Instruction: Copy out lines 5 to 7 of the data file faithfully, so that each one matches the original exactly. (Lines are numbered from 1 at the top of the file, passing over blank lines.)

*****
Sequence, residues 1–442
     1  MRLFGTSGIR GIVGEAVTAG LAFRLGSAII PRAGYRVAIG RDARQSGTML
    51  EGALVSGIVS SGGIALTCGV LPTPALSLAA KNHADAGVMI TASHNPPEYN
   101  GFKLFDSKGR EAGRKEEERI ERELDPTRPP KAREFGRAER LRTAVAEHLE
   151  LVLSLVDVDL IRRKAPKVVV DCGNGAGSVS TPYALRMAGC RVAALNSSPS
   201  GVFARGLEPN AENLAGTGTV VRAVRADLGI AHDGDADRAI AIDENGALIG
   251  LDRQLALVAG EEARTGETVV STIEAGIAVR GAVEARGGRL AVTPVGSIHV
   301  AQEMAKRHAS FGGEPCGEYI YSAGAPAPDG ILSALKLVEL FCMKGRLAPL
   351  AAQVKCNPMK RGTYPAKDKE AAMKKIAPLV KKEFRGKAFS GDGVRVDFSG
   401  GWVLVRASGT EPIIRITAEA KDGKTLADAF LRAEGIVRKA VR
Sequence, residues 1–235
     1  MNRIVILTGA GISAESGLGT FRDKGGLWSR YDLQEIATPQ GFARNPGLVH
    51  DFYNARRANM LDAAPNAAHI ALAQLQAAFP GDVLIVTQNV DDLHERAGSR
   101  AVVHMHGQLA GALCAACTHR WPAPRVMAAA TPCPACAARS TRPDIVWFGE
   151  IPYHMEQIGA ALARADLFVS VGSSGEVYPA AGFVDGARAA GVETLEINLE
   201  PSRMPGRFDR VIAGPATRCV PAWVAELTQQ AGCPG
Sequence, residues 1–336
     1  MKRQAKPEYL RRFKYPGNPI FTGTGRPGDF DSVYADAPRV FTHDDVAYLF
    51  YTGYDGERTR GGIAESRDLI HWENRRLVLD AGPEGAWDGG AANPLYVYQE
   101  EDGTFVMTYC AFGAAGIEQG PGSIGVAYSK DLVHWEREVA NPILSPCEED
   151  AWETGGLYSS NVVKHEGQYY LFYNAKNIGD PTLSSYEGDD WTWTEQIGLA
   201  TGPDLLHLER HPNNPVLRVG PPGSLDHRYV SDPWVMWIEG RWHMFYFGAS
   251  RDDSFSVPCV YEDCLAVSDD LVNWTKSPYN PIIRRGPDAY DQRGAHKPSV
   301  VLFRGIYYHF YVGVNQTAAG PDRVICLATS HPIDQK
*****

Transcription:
   151  LVLSLVDVDL IRRKAPKVVV DCGNGAGSVS TPYALRMAGC RVAALNSSPS
   201  GVFARGLEPN AENLAGTGTV VRAVRADLGI AHDGDADRAI AIDENGALIG
   251  LDRQLALVAG EEARTGETVV STIEAGIAVR GAVEARGGRL AVTPVGSIHV